Cohoes breaks ground on first-in-the-nation floating solar panels – WAMC

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Celebrating Earth Day, officials in Cohoes broke ground on a first-in-the-nation municipal-owned Floating Solar Array.

Speaking in front of the reservoir where the panels will float, second-term Democratic Mayor Bill Keeler says the $8 million project could generate 3.2 megawatts of clean energy – which could power nearly 2,500 homes.

Keeler says when finished, the project will eliminate more than $600,000 in yearly electric costs for the Albany County city, saving taxpayer money. Keeler says it’s important to preserve and protect the city’s limited greenspace.

“So, all of our electric bills will go away, and we’ll be making money selling back into the grid,” Keeler said. “It’s a big project.”

Keeler says it adds to existing green initiatives like an expanded recycling program and going totally electric in city-owned buildings.

Housed within Cohoes’ reservoir, Keeler says, the panels in the 10-acre untreated water basin are expected to create more energy output than the city needs. Keeler says there have been talks to sell the excess back into the grid or to the school district at a discount.

The 8,000 panels are expected to be operational early next year.

In 2023, Congressman Paul Tonko, who represents the Capital Region, secured $3 million for the project through the Community Project Funding process. The Democrat says Cohoes can serve as an example for municipalities across the country looking to go green.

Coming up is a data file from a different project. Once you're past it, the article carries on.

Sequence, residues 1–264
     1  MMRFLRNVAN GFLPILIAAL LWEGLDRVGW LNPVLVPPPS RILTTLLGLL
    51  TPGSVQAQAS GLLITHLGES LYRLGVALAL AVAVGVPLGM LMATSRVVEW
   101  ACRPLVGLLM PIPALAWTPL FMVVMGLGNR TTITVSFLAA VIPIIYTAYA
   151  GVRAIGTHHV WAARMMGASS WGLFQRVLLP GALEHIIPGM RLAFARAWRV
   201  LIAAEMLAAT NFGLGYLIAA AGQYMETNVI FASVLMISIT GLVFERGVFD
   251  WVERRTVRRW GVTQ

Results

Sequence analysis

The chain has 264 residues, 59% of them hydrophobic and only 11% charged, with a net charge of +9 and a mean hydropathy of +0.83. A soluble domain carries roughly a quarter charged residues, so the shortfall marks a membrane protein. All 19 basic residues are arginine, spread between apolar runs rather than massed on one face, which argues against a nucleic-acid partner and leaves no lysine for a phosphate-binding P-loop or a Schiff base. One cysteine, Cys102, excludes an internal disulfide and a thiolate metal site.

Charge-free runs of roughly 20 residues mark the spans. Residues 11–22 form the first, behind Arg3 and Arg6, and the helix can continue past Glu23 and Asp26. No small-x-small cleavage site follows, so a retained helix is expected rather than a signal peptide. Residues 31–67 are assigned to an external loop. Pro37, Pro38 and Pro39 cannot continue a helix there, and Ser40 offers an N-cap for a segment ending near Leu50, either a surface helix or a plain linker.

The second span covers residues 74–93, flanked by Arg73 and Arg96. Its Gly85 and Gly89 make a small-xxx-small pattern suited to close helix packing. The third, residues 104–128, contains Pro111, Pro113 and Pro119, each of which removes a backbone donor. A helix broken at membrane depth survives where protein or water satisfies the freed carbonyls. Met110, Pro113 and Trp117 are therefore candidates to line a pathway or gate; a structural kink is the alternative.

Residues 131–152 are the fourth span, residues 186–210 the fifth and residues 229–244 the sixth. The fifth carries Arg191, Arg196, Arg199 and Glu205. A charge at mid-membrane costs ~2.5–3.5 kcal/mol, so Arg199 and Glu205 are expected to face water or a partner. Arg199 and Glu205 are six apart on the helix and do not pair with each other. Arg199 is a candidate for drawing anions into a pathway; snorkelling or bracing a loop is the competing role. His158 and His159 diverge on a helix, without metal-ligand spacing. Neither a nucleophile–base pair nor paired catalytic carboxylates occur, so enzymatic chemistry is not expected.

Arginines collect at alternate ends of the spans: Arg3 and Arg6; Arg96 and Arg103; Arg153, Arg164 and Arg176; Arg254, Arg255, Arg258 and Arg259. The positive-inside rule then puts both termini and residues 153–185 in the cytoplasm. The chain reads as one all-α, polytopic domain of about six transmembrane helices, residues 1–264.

“It’s a new spin on solar that again speaks to our opportunity to save 2.1 million hectares of land and to maybe reach a goal of 10 percent of our electricity needs, which is a huge contribution,” Tonko said. “It also reduces algae blooms and evaporation because of the coverage that it provides. So, there are built in benefits, savings that come with this, along with the direct savings on energy costs.”

The state Department of Environmental Conservation encourages municipalities to use preexisting infrastructure to their advantage. Sean Mahar is interim commissioner:

“We’re here to help navigate that process and there are site specific considerations on each project that’s going to be individual in nature and that’s what our experts help communities assess and as soon as you get in the door, the quicker we can get started on the process,” Mahar said.

Other funding for the project includes $750,000 through National Grid’s Renewable Energy Economic Development Grant Program. The funding will also provide Troy’s Rensselaer Polytechnic Institute with resources to create an interactive reservoir map to find potential host sites for similar projects. More than $960,000 is being provided through the NYSun Incentives program through the state’s Energy Research and Development Authority and $2.7 million through the Inflation Reduction Act.

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